Economic problems have a particular effect on couples whose relationship has hit the buffers. Now that we seem to be heading out of the economic slump, especially as liquidity begins to return to the housing market around the country, we are seeing parties beginning to revisit those interim arrangements. It is remarkable how a more positive economic sentiment combined with rising asset values makes people less risk-averse and more willing to begin to spend time and money unravelling their affairs.
An economic slump is difficult for everyone but those who are experiencing the breakdown of a married or unmarried relationship may feel that a difficult process is made even more difficult. There are many anecdotal stories of people gritting their teeth and continuing to live in the same house until they feel they can afford to separate. The emotional cost to both of them and to their children is often huge. Of course, sometimes the common adversity the couple experience may motivate them to heal the difficulties between them and bring them closer together. However, experience suggests that financial pressures laid on top of the emotional pressures of a relationship breakdown tend to make things worse rather than better in most cases.
Some of the issues which cause people to decide that they should avoid any formal steps to extricate themselves from the relationship are:
(1) Difficulty in selling the family home. Although residential property values remained surprisingly resilient in spite of the wider economic downturn. However, there is little doubt that there have been very great regional differences. London prices continued to rise, along with a few other pockets of prosperity around the country. Other places have either seen falls in prices or a simple lack of activity in the market, making a sale difficult to achieve. Many couples who have decided that their relationship is over seem to have interpreted this as a reason as to why they cannot move on. Some have continued to share the family home, living as two households under one roof. Others who can afford to have separated and dealt with the interim arrangements as best they can. Now that the property market is becoming more active again one or both parties are feeling that changes need to be made. It is a fact that is many of those couples had consulted a family lawyer or mediator sooner some other and more comfortable solution could have been found before now.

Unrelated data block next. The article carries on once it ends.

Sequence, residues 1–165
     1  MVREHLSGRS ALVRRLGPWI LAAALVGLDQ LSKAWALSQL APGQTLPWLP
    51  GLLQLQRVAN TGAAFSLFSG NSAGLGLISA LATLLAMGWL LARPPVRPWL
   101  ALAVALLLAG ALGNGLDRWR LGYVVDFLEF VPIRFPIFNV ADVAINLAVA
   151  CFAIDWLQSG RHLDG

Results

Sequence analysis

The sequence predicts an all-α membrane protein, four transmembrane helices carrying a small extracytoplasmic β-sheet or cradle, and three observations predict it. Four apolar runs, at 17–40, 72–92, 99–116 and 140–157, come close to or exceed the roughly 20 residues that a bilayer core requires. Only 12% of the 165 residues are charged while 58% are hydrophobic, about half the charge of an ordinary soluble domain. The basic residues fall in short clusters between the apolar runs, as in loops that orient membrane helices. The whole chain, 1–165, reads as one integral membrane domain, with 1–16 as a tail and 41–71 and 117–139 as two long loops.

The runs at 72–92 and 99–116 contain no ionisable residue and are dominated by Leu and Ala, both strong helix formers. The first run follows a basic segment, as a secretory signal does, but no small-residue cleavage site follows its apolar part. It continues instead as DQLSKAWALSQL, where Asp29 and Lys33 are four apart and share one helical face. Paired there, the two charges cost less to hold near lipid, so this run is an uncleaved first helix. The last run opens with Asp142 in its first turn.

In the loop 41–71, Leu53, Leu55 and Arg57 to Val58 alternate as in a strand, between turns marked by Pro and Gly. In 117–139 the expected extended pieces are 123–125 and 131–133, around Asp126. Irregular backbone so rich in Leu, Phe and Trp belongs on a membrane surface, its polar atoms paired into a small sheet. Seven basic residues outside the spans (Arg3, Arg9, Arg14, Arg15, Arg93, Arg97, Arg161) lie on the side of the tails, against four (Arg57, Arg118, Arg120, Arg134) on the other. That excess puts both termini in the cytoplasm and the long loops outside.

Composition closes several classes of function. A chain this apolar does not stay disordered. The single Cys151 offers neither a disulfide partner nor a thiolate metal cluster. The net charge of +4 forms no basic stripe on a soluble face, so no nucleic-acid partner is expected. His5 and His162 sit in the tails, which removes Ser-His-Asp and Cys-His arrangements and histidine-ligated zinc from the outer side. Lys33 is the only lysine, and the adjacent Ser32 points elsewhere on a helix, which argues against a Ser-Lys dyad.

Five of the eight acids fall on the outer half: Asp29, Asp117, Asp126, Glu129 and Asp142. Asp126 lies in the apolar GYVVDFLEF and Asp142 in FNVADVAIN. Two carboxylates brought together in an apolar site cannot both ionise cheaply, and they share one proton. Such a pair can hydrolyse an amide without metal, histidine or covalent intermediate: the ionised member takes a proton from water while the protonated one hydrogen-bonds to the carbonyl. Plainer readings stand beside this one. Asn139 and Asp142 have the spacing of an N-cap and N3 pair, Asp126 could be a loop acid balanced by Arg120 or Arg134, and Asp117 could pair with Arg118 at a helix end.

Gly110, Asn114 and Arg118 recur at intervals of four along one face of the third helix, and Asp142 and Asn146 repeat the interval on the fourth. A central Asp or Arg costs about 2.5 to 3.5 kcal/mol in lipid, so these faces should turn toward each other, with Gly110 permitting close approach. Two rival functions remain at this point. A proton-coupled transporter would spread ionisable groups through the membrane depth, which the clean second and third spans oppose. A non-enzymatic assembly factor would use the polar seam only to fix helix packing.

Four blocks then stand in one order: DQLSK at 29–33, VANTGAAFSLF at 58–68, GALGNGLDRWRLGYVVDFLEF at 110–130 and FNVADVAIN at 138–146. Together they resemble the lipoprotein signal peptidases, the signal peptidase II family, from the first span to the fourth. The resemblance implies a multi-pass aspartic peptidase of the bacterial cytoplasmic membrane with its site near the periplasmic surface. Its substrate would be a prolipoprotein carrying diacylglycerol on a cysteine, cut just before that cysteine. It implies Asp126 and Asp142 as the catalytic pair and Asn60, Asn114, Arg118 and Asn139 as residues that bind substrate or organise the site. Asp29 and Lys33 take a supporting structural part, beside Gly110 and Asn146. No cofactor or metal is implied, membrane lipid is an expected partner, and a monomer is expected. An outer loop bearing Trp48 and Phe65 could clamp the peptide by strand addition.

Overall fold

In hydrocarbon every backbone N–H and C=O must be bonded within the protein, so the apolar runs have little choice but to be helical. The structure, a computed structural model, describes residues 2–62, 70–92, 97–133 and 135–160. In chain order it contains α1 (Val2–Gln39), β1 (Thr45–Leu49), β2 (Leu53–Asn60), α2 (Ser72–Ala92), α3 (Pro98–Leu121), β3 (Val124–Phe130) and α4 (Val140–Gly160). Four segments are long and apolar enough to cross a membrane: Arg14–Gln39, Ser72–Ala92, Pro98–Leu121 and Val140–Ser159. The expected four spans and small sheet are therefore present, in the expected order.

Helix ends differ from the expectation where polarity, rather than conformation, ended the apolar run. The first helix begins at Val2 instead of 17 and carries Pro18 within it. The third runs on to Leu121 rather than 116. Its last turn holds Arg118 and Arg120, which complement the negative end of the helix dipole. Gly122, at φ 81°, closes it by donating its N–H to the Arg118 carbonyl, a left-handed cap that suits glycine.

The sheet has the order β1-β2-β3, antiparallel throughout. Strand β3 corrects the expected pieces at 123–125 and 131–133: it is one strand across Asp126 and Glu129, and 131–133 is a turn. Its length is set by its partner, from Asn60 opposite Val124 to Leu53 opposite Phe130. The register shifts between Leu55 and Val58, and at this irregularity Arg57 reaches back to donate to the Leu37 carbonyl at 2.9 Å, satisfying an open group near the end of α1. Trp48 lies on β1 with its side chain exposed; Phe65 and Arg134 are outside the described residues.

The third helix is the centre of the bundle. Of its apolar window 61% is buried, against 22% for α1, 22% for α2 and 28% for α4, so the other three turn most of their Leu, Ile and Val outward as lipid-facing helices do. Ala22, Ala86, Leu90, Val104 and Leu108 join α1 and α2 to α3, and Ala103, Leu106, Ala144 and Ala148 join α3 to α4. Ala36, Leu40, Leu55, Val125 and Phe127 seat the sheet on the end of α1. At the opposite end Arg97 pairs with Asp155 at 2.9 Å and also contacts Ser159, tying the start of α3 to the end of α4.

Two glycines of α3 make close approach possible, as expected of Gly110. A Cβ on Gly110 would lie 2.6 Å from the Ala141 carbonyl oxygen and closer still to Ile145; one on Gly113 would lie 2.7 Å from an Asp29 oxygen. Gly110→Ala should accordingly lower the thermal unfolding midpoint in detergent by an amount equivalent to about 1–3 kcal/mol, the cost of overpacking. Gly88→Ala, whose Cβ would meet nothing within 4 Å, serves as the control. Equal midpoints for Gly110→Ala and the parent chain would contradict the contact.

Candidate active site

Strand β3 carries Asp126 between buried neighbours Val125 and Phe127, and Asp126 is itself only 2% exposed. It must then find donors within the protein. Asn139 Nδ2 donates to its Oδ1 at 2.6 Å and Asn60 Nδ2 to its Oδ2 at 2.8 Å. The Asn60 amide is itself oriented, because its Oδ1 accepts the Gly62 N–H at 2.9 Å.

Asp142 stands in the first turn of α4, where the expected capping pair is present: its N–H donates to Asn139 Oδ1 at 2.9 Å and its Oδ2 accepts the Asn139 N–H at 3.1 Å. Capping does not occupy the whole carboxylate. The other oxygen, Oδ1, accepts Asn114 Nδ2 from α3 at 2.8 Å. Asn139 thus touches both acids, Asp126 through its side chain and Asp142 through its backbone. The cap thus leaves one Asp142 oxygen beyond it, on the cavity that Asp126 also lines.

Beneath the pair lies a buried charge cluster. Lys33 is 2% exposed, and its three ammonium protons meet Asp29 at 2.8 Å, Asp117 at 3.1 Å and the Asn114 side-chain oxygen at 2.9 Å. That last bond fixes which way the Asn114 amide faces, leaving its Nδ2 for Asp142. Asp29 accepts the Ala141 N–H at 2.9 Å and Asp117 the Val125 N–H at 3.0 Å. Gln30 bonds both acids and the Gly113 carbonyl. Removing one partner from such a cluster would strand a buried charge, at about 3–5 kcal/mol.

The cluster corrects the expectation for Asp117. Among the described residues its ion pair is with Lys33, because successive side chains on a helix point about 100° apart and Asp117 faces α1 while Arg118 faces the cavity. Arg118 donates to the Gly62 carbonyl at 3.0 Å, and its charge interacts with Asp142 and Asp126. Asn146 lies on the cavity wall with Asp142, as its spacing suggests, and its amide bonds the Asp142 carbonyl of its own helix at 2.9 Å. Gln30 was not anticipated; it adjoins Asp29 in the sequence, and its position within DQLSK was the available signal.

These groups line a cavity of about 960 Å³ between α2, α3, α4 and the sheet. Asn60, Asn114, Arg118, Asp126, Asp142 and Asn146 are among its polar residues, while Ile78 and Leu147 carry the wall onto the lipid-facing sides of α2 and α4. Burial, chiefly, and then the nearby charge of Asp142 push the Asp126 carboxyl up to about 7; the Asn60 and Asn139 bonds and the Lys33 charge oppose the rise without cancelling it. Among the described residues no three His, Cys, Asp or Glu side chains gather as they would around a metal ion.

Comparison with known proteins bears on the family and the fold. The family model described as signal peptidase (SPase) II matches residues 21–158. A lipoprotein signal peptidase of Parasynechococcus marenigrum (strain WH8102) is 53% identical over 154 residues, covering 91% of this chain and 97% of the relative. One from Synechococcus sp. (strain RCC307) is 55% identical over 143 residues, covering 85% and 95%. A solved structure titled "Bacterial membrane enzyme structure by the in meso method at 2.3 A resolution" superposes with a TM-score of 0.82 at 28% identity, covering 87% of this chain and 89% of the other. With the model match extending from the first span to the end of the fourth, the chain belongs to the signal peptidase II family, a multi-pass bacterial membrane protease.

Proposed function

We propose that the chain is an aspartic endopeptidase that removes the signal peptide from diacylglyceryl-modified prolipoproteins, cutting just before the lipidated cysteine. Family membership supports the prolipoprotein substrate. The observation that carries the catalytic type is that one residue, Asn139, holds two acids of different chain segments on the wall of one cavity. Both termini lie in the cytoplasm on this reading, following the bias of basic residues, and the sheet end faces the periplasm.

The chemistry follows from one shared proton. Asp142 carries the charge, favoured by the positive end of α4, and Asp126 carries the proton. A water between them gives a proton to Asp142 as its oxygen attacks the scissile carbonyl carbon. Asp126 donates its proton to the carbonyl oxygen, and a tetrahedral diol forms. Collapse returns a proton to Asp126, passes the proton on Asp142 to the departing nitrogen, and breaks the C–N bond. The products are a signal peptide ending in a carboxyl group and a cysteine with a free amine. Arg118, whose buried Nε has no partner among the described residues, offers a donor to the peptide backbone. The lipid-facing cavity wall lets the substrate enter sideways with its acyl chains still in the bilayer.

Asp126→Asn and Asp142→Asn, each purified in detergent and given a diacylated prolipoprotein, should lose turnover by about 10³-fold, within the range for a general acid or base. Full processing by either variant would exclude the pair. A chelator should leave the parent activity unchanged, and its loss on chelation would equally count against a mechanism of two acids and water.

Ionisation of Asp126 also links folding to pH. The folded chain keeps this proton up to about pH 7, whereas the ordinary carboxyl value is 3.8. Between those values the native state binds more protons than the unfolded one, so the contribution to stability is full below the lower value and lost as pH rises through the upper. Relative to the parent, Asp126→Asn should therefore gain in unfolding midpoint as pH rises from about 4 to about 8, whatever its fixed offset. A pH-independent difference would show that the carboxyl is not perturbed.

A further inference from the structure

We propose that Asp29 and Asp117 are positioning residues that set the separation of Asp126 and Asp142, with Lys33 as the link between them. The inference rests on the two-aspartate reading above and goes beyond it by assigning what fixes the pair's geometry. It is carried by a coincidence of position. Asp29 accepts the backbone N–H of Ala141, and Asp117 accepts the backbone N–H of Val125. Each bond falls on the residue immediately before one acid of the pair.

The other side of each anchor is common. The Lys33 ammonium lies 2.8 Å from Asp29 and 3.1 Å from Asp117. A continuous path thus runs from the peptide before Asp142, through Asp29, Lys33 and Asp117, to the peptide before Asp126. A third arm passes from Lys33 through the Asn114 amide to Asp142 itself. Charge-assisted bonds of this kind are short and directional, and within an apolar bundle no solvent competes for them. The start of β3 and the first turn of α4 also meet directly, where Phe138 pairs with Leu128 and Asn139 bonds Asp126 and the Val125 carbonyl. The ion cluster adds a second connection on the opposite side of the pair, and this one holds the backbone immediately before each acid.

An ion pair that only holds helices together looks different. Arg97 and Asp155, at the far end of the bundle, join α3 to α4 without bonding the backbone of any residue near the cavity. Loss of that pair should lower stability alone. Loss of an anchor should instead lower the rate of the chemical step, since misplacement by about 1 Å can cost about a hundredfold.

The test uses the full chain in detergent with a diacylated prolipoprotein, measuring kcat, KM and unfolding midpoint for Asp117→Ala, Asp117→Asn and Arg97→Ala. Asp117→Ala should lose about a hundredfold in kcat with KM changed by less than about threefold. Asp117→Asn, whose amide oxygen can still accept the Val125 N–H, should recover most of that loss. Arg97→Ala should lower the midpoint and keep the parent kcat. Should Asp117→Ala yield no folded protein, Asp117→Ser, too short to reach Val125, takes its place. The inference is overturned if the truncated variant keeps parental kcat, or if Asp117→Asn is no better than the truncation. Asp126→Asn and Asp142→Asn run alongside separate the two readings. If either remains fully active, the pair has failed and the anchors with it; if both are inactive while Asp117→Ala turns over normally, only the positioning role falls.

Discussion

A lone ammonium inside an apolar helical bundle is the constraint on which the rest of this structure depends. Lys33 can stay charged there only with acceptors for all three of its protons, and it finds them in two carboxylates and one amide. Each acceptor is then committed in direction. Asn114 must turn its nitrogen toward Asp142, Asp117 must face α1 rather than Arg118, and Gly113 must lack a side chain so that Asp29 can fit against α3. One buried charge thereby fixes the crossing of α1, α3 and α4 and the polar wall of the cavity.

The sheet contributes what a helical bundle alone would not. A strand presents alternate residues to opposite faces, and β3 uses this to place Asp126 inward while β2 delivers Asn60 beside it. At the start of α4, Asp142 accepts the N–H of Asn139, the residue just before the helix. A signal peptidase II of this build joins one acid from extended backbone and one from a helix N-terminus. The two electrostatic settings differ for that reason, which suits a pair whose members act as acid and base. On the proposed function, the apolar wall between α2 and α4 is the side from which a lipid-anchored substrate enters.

(2) Difficulty in raising finance to buy a new home. Although bank interest rates remain low and some mortgage lenders have been offering very attractive rates the lending criteria are often very strict and not everyone has been able to get the best deals or borrow at all. The problems have been particularly acute when the mortgage is a high percentage of the property value or where one or both of the parties are out of employment. Many parties However, once again, if rather than making assumptions which may be too pessimistic, some of those couples had explored their options more fully they might have found a solution before now. An experienced independent mortgage advisor may be able to identify options which are not obvious to the non-expert. A family lawyer can often give advice as to creative solutions to what seems to be an insoluble problem.
(3) No income. Often one of the couple works and earns and the other does not. This financial disparity can leave one party feeling in control and the other helpless and vulnerable. It does not have to be like that. Through negotiation and, if necessary by way of an application to a court, it may be possible to make arrangements which level the playing field for the parties. There may also be options from benefits and tax credits which the parties may not have realized that they have.
(4) ‘We want to wait until the value of our assets increase again.’ That is a perfectly reasonable stance to take and many people have adopted that position. I have seen this most often in those cases where there is a family business which it is difficult to extract value from at the moment. A similar problem arises where there is a holiday home in another European country whose property market has collapsed. However, many people forget that there are ways of sorting out the interim position to make it more tolerable while they wait for the right time to sort out the long-term position. The longer the worldwide crisis that started with the credit crunch more than 5 years ago goes on the more apparent it is becoming that this is not a short-term problem. Even now as the UK economy shows improvements the rest of the Euro Zone is in a different phase of the economic cycle. The growth of the 'BRIC' economies has faltered. Economic uncertainty and volatility used to be the exception but now it seems to have become the norm and in a globalised economy even an island is no longer an island. Day to day events are difficult to understand or predict. For example on the same day that the last set of very pessimistic UK GDP figures were announced share prices in London and around the world were going up:http://www.telegraph.co.uk/news/9827967/Investors-defy-prospect-of-triple-dip-as-FTSE-hits-four-and-a-half-year-high.html
Separation is always tough. Although for some an immediate divorce is the way forward it is not right for all. In fact, delaying a resolution of financial matters can make the whole process much more difficult and expensive once one of the parties decides that the time for a resolution has arrived. Even if a final divorce is not what the parties want, there are many options which can be considered to make life more settled and dignified in the interim period. The options are much greater than many think they are. The sensible thing is to seek advice from an experienced family lawyer so that all the options and their pros and cons can be considered before making a fully informed decision as to the best way forward.